Scott Henderson’s design work has already been accoladed in the past, in the best lists of the New York Times and the I.D. magazine, among others. It has also won numerous awards, including the Design Plus Award, the Good Design Award and the IDSA Industrial Design Excellence Award. Top Fair spoke to Scott Henderson about his work.
Could you explain the concept of the Seashore Galore for upcoming partner country USA presentation?
A consistent theme in my product design work is to create a sense of lightness through the product’s point of view. A crisp freshness. If someone tells me that they think a design of mine is very fresh, I’m quite pleased. Adjectives like cutting edge or modern are not so much my objective. The word fresh to me evokes connotations of health and happiness – lightness as opposed to burden – the feeling of rebirth and inspiration to move forward. Clever is an equally nice word. Clever can be defined as ingenuity combined with a sense of wit – the very essence of my design philosophy. To stop once the primary goal of solving a physical problem is achieved is to miss an opportunity to effect positive change on levels that extend well beyond the physical. My ultimate goal through design is therefore to achieve “clever-freshness”.
Since Ambiente is a show about consumer goods, I thought about what products I could use as inspiration that are uniquely American but less expected than a Cadillac with tail fins. I always loved the classic and uniquely American Adirondack Chair. I usually think of them as viewed from the back, with a body of water in front of them—a classic image that inspires feelings of serenity. I think mixing iconic tradition with a fresh and clever twist is a formula for high-impact, so I decided to make Adirondack chairs that were 9 feet tall – absolutely gargantuan in scale, facing a curved wall emblazoned with an image of the sea. My display tables are abstractly representing plant life growing around these giant chairs.
I placed two classic residential mail boxes at each end of the 150 foot long exhibit, with their red flags in the up position and adorned with American flags; the only direct reference to the United States—allowing the mind to connect to the theme only through the combination of images and symbols.
What – in your opinion – is the essence of good design?
Good design involves an idea that is so embodied in the product that it becomes the total story. One big, crisp, singular thought to solve a problem, creating a memorable and iconic solution. A not-so-good design tries to get 10 or 15 little ideas to work together in harmony, creating a muddled and forgetful story. A great design demonstrates an idea that is so intrinsic and built in to the solution that no superfluous application of style, color or trend can add or subtract anything from it.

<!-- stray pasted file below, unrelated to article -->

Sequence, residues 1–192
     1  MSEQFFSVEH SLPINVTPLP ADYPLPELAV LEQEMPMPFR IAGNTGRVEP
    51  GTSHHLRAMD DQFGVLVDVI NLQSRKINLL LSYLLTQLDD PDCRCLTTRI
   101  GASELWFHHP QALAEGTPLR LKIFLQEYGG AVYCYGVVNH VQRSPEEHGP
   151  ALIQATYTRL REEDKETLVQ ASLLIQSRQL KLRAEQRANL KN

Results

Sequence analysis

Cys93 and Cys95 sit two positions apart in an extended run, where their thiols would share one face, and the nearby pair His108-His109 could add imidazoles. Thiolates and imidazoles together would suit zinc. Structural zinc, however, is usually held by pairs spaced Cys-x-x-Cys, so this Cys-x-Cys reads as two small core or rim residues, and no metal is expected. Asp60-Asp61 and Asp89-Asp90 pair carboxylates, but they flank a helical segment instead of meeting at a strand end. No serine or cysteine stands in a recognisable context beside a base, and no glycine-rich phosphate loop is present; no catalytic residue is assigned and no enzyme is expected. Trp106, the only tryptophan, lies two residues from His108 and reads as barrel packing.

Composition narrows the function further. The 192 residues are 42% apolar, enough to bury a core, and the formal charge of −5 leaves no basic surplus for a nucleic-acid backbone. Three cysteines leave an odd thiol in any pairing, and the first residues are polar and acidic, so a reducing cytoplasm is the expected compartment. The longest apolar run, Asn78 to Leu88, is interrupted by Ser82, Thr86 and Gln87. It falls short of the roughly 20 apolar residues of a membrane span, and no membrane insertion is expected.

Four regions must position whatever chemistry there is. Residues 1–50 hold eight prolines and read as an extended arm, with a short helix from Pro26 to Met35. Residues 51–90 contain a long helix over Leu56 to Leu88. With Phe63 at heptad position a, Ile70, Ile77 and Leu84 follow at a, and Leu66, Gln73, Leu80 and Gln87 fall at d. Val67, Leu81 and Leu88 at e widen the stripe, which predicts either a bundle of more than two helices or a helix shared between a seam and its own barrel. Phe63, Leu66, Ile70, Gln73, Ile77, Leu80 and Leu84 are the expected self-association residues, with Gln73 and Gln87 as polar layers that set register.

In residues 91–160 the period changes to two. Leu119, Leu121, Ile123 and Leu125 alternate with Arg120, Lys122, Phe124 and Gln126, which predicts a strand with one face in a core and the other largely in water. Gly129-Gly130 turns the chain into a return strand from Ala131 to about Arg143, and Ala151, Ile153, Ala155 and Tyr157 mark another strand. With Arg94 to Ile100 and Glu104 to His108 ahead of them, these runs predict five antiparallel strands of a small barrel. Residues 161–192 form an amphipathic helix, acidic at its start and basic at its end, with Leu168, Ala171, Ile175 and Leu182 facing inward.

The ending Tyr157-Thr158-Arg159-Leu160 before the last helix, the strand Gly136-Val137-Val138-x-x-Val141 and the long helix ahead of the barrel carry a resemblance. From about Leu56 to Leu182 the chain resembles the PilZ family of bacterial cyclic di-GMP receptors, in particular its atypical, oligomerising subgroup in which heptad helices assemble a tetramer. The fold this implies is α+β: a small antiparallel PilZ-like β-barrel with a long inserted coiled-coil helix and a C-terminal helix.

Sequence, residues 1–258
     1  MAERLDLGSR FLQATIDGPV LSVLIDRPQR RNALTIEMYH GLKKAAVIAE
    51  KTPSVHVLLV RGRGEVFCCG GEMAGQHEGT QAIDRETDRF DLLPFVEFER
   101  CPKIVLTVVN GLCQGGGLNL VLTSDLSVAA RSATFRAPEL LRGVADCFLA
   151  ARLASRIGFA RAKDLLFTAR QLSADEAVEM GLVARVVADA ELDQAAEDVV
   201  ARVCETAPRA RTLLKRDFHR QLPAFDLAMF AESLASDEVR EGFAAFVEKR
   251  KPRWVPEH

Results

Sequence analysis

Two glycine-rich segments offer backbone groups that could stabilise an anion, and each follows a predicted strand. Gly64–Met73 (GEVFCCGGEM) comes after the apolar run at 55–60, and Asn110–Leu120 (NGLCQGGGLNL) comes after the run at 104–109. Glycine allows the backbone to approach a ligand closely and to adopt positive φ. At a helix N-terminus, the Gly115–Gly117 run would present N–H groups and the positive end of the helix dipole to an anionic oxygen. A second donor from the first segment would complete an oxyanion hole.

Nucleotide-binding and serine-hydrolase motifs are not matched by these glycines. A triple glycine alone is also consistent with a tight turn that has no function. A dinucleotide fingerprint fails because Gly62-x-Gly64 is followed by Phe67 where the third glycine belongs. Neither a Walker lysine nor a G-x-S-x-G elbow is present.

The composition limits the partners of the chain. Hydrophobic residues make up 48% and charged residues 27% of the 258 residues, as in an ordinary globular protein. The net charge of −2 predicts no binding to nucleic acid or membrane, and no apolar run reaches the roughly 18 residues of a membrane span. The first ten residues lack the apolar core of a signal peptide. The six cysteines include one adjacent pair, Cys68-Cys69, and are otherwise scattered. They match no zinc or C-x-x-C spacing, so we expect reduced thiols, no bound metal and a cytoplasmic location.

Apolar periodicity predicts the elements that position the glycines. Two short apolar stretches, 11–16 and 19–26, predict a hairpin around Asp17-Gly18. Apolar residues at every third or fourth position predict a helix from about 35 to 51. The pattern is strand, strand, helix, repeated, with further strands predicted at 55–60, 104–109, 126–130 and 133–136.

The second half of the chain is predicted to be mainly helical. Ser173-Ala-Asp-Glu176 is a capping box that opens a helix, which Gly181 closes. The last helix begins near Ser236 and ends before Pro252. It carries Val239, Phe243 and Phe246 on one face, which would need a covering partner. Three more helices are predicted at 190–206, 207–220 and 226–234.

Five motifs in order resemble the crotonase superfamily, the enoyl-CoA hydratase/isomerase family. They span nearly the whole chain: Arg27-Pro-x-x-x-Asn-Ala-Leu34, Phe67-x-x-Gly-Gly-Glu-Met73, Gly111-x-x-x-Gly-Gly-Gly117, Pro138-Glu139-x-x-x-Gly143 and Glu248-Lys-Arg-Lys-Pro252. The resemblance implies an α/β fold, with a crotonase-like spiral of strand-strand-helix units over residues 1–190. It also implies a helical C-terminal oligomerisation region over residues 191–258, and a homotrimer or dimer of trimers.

Is there any design that has really “wowed“ you?
I have been asked this question a lot, and after being an industrial designer for over 20 years, I still have trouble answering it, so I guess the answer is that I really don’t draw inspiration from the classic designs of the past.
To me, design is about observation.
If you have conditioned yourself as a designer to be acutely aware of the world around you, you will be at the right place at the right time to observe a reality that will resonate positively with a wide audience if embodied in a product idea. Finding these realities is what motivates me –it’s a thrill to discover them and build on them.
Is there any new design product that you really like?
I enjoy watching a company really innovate, and then watching the rest of the industry scramble to catch up to the innovations, because that makes people realize how important design is. If I had to think of a good example, I’d say that Joseph Joseph’s product line does a great job of shaking things up through strong concepts, great 3D brand story, and innovation.
Tell us about your latest/current project besides the Ambiente show.
I have been doing projects in consumer electronics like wearable devices, some teaching toys, perception changing consumer medical products, new housewares and some maritime transportation.
Which of your own designs do you like most?
It is a hard question because of the diversity of categories design is applied to. However, I designed a piggy bank called COINK that replaces the one-coin-at-a-time method of de-positing change through a thin slot, replacing it with a generous funnel that allows whole pockets full of change to be deposited at once. This is a funny commentary on innovation, and achieves what I was talking about when I say that one, clean, clear and big idea instead of lots of little ones, can make for an impactful and memorable story.
view original content here